Sports

76ers fan supporting Hong Kong ejected from preseason game against Chinese squad in Philadelphia

Key Points
  • A fan was ejected from a Philadelphia 76ers preseason game on Tuesday after holding signs and shouting support for Hong Kong.
  • The match was against the Guangzhou Loong Lions, a squad from China.
  • The relationship between the NBA and China has been eroding since Sunday, when the Houston Rockets' general manager Daryl Morey tweeted support for the anti-government protests in Hong Kong.
Philadelphia 76ers' Ben Simmons (25) drives to the net as Guangzhou Loong-Lions' Yongpeng Zhang defends and Philadelphia 76ers' Tobias Harris, right, watches during the first half of an NBA exhibition basketball game Tuesday, Oct. 8, 2019, in Philadelphia.
Matt Rourke | AP

A fan was ejected from a Philadelphia 76ers preseason game on Tuesday after holding signs and shouting support for Hong Kong during the game against the Guangzhou Loong Lions, a squad from China.

Sam Wachs said he and his wife were silently holding signs that said "Free Hong Kong" during the game at the Wells Fargo Center in Philadelphia.

"I was being heckled by fans of the visiting Guangzhou team who swore at me and repeated Chinese government disinformation," Wachs said in response to a question from CNBC on his Facebook page.

The signs were confiscated by security at the stadium and Wachs and his wife were kicked out, he said.

"Got kicked out of the Philadelphia 76ers game against Guangzhou tonight for bringing these / chanting my support of Hong Kong," Wachs posted on Facebook on Tuesday night. "The NBA is pretty cowardly when it comes to pressure from the Chinese government."

The 76ers and Wells Fargo Center released statements saying Wachs was removed after disrupting the game for other fans and ignoring several warnings.

Here's the statement from the Wells Fargo Center:

During the second quarter of last night's 76ers game, Wells Fargo Center security responded to a situation that was disrupting the live event experience for our guests. After three separate warnings, the two individuals were escorted out of the arena without incident. The security team employed respectful and standard operating procedures.

Here's the statement from the 76ers:

The Wells Fargo Center's event staff is responsible for the security and comfort of all guests at arena events, including 76ers games. At last evening's game, following multiple complaints from guests and verbal confrontations with others in attendance, two individuals were warned by Wells Fargo Center staff about their continuing disruption of the fan experience. Ultimately, the decision was made by Wells Fargo Center personnel to remove the guests from the premises, which was accomplished without incident.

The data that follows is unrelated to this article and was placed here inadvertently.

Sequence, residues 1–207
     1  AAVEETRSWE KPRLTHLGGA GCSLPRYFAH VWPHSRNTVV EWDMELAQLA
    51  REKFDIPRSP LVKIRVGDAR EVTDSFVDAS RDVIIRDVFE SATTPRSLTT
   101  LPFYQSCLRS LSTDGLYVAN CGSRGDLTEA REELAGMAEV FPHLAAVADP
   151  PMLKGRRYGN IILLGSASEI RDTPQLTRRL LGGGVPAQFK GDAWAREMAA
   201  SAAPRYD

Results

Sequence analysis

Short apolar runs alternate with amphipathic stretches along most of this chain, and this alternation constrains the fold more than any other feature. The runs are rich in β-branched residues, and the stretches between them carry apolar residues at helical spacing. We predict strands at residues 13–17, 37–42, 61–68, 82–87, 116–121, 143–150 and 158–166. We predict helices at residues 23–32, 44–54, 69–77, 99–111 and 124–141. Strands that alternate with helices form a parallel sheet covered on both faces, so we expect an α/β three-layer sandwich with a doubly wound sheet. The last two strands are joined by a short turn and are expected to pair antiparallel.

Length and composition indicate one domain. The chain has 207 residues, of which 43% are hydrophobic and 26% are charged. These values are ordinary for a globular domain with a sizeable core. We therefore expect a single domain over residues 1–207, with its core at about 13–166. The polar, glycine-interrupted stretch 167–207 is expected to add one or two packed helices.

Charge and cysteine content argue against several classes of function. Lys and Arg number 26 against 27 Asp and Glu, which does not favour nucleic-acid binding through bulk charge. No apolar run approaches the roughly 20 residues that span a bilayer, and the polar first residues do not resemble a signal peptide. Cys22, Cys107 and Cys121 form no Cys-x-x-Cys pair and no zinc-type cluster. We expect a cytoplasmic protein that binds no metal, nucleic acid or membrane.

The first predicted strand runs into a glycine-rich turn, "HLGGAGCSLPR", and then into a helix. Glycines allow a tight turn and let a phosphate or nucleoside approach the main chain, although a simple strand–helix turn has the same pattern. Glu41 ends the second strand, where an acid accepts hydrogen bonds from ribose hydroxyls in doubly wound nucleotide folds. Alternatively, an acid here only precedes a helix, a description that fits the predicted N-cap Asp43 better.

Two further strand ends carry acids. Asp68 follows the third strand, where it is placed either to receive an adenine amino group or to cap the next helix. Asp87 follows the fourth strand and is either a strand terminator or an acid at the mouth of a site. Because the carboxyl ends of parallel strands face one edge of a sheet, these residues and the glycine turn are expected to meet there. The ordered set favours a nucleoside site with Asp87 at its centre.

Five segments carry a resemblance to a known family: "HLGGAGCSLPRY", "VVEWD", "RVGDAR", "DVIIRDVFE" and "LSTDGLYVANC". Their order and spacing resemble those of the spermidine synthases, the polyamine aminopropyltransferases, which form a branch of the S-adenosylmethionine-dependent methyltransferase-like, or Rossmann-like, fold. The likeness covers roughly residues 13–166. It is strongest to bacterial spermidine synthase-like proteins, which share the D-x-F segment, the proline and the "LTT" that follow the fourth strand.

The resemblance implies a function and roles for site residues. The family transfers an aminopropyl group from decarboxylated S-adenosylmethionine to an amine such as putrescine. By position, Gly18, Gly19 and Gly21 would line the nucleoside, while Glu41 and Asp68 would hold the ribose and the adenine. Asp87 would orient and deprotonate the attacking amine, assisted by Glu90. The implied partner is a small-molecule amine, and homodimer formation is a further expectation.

Wachs said he wasn't intentionally confrontational.

"When I was ejected, I'd say I was disruptive in the sense that I was standing in my seat. But I did not go about this protest in a confrontational way. I only stood and began to chant after signs were taken away," he told CNBC.

The NBA is facing intense criticism in mainland China since Houston Rockets' general manager Daryl Morey backed the anti-government protests in a now-deleted tweet over the weekend that said, "Fight for Freedom. Stand for Hong Kong."

The tweet was quickly deleted and Morey apologized, but his comments drew backlash in China.

The NBA released a statement about Morey on Sunday that was translated into Chinese for the league's verified account on Chinese social media platform Weibo. A CNBC translation of the post found differences between the English and Chinese version, which sparked criticism in the U.S. for its decidedly more apologetic tone.

The league's commissioner, Adam Silver, apologized for offending the league's Chinese fans, but he stood by Morey's right to express his opinions, saying the league would "protect its employees' freedom of speech."

By Wednesday, nearly all of the NBA's Chinese partners had publicly announced that they were ending or suspending their relationships with the league.

Earlier this week, Chinese tech giant Tencent, Luckin Coffee and Vivo announced the suspension of their relationships with the NBA.

CNBC's Eunice Yoon, Amelia Lucas, and Lilian Wu contributed to this report.

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